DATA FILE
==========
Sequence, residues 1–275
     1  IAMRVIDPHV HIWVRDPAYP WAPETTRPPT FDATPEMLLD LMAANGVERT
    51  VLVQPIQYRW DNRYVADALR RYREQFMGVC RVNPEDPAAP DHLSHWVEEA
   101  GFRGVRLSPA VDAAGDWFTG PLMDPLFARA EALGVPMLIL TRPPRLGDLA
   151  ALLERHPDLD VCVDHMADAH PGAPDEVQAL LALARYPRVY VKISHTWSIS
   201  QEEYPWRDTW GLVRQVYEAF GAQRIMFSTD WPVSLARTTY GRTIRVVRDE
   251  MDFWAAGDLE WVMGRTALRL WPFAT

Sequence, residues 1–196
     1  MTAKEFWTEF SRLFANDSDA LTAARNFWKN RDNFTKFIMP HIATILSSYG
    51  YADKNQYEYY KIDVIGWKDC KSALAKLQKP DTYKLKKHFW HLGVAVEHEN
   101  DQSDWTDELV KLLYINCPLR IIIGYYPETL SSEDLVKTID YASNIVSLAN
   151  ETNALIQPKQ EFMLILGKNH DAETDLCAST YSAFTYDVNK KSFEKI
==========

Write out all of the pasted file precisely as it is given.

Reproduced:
Sequence, residues 1–275
     1  IAMRVIDPHV HIWVRDPAYP WAPETTRPPT FDATPEMLLD LMAANGVERT
    51  VLVQPIQYRW DNRYVADALR RYREQFMGVC RVNPEDPAAP DHLSHWVEEA
   101  GFRGVRLSPA VDAAGDWFTG PLMDPLFARA EALGVPMLIL TRPPRLGDLA
   151  ALLERHPDLD VCVDHMADAH PGAPDEVQAL LALARYPRVY VKISHTWSIS
   201  QEEYPWRDTW GLVRQVYEAF GAQRIMFSTD WPVSLARTTY GRTIRVVRDE
   251  MDFWAAGDLE WVMGRTALRL WPFAT

Sequence, residues 1–196
     1  MTAKEFWTEF SRLFANDSDA LTAARNFWKN RDNFTKFIMP HIATILSSYG
    51  YADKNQYEYY KIDVIGWKDC KSALAKLQKP DTYKLKKHFW HLGVAVEHEN
   101  DQSDWTDELV KLLYINCPLR IIIGYYPETL SSEDLVKTID YASNIVSLAN
   151  ETNALIQPKQ EFMLILGKNH DAETDLCAST YSAFTYDVNK KSFEKI